A bankrupt trustee has been unsuccessful in trying to recover property of a former bankrupt more than 20 years after the date of bankruptcy. The decision of the Federal Court reinforces the limitation period in which a trustee can make a claim on any property of the bankrupt as outlined in Section 127(1) of the Bankruptcy Act 1966 (Cth) (Act)

The Law Section 127(1) of the Act states that, after the expiration of 20 years from the date on which the person becomes a bankrupt, a claim shall not be made by the trustee in bankruptcy to any property of the bankrupt, and that property shall, subject to the rights, if any, of a person other than the trustee in respect of the property, be deemed to be vested in the bankrupt.


The following provides a brief synopsis of the background to this proceeding:  

  • Bill Madden (Madden) was declared bankrupt in 1990 with the Official Trustee (Trustee) being the registered trustee of the bankrupt estate.  
  • Margaret Fallon (Fallon), who was in a de facto relationship with Madden at the time, purchased a property in Burraneer, New South Wales in 1995 (Property).  
  • Madden was discharged from bankruptcy on 6 December 1998.   
  • Madden and Fallon married in 1999 with Fallon passing away in 2000.  
  • The question of who owned the Property was the subject of proceedings issued by Madden in 2010. The matter was determined by Stevenson J in the Supreme Court of New South Wales in 2012 with His Honour finding that Madden had contributed slightly more than half of the purchase price of the Property. As such His Honour held that the estate of Fallon holds a 50.5% interest in the Property on resulting trust for Madden (Judgment).   
  • His Honour said that the likely explanation of Madden's contribution to the Property was that he wanted to "park" his interest in the Property in Fallon's name in order to avoid the Property becoming part of the bankrupt estate and, inturn, divisible amongst the creditors.    
  • The Judgment also recorded that Madden's interest in the Property was "after-acquired property" for the purpose of Section 58(1)(b) of the Act and therefore remained vested in the Trustee, notwithstanding Madden's subsequent discharge from bankruptcy.  
  • The Trustee only became aware of Madden's interest in the Property when the Judgement was handed down. Upon being aware of Madden's interest, the Official Trustee wrote to him advising that the bankrupt matter was being re-activated with Maxwell Prentice to act as trustee to administer the bankrupt estate (Appointment).   
  • As a result of the Judgment and Appointment, Madden issued proceedings in the Federal Court seeking a declaration, inter alia, that his interest in the Property be vested to him pursuant to Section 127(1) of the Act and that the Trustee be restrained from taking any step to be registered as a proprietor of the Property.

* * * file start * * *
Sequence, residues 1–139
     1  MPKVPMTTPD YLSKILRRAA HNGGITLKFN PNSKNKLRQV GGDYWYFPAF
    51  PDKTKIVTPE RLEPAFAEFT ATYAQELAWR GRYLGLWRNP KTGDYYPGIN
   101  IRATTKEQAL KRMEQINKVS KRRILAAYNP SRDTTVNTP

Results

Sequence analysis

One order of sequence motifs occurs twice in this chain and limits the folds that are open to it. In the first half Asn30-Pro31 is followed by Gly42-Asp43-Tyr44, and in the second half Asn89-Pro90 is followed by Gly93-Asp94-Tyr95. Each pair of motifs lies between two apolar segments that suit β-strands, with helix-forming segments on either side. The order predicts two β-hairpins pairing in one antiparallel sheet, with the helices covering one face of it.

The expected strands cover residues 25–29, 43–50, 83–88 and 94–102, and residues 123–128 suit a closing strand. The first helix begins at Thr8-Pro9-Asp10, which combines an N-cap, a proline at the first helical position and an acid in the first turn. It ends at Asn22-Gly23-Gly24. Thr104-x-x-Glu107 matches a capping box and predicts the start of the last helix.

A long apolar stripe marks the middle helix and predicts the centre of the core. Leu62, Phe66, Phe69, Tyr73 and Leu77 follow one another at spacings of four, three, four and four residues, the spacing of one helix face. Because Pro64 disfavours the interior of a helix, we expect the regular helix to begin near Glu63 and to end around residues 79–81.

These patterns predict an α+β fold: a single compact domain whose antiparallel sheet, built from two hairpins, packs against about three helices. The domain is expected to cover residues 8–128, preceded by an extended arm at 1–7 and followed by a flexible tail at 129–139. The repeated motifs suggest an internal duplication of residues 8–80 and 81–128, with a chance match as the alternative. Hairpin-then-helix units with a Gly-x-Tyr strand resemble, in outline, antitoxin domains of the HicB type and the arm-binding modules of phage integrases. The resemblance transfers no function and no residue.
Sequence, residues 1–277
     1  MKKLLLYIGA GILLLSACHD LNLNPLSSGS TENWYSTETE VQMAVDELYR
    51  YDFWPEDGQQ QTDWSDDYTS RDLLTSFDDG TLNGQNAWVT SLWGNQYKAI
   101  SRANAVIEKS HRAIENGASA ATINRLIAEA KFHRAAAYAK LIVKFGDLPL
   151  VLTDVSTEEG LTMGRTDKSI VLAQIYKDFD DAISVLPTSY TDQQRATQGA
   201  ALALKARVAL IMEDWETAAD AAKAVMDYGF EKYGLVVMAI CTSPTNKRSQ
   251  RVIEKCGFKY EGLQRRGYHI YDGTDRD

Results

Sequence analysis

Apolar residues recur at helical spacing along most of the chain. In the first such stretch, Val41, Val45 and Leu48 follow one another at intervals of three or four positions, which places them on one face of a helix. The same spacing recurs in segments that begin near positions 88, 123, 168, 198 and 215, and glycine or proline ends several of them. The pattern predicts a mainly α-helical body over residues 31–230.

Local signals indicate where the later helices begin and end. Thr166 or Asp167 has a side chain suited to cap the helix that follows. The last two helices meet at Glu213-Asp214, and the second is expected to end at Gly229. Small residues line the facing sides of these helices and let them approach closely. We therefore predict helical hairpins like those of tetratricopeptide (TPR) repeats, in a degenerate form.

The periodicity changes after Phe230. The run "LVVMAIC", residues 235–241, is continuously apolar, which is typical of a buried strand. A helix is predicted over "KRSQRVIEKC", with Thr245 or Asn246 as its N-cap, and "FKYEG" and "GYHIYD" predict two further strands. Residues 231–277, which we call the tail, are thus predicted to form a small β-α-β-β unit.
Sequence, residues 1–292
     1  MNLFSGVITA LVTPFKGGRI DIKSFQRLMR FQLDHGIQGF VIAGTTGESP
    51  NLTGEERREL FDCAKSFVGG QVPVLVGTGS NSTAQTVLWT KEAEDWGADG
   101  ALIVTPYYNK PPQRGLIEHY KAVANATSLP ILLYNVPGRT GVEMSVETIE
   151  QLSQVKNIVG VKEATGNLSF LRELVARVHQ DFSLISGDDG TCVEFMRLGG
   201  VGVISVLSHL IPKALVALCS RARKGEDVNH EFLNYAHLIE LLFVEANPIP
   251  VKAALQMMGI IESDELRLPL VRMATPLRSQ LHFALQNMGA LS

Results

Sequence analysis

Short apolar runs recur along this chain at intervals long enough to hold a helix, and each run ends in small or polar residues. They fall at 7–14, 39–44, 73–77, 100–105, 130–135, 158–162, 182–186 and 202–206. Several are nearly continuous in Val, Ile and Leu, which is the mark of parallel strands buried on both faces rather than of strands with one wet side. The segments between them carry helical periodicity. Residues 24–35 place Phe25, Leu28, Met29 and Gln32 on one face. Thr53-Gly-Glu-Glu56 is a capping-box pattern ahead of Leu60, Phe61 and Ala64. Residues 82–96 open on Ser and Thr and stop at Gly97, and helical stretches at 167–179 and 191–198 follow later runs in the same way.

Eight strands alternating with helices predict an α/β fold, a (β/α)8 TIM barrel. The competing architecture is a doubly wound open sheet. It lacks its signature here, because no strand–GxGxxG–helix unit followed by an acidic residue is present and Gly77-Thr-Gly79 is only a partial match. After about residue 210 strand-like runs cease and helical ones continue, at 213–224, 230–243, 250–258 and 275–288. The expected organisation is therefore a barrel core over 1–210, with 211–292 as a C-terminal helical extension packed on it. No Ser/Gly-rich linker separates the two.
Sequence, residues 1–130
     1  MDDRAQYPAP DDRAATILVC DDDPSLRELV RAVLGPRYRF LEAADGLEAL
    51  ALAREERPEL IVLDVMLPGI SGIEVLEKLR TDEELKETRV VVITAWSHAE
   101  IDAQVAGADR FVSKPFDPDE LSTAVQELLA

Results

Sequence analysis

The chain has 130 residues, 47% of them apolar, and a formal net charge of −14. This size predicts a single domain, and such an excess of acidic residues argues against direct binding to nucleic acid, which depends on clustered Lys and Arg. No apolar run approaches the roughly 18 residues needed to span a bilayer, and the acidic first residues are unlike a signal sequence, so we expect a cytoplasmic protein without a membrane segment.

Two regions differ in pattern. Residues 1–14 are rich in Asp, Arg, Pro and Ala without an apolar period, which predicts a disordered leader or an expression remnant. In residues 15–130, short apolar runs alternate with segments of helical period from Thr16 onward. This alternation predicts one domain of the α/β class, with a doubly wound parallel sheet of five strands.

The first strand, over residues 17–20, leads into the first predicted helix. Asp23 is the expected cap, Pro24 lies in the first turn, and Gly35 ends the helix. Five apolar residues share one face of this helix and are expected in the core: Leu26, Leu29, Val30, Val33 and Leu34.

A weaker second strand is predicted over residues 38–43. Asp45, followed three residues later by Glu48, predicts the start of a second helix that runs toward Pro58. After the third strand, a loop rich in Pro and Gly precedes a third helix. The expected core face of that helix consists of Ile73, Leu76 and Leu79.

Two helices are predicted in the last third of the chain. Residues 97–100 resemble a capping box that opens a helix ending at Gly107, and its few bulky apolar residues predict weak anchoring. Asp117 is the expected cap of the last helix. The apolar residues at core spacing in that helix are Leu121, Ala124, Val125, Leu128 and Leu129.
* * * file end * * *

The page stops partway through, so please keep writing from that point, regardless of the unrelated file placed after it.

It was argued that Madden breached his fiduciary obligation to the Trustee by failing to disclose the nature of his interest in the Property. Furthermore the Trustee claimed that, because Madden breached his equitable (as well as statutory (Section 77(1)(f) of the Act)) obligations to it, the Court ought not to act in a manner to advantage Madden to the detriment of the creditors of the bankrupt estate.

Farrell J said that Madden's failure to give notice to the Trustee of his interest in the Property made it tempting, as a matter of justice to unpaid proven creditors, to lean towards an interpretation that the Trustee has a vested interest in the Property. However, on balance, she formed the view that if such a decision was made then no bankrupt could, after 20 years, rely on Section 127(1) to establish his or her title to property. Her Honour was of the view that this was inconsistent with the nature of Section 127(1) as a limitation provision and, as such, she was minded to make an order declaring that Madden's interest in the Property is revested to him (subject to the rights of any person other than the Trustee).

As part of the decision, Her Honour noted that, by prescribing the offences set out in section 263 and 265, the Act deals with the consequences of the failure to disclose property of the bankrupt. Her Honour went on to comment that she would commend consideration of pursuing Madden in relation to any offences which he may have committed under the Act.

Takeout from the Federal Court decision The Federal Court has undertaken a strict interpretation of the limitation period espoused in Section 127(1) of the Act. This is despite the fact that the interest of the creditors supported a finding in favour of the Official Trustee and Prentice. It would appear from this case that, no matter the surrounding circumstances which prevented it from doing so, the trustee of a bankrupt estate will be precluded from making a claim over the bankrupt's property after 20 years from the date of bankruptcy.

References: Bankruptcy Act 1966 (Cth); Madden v Official Trustee and Prentice [2014] FCA 446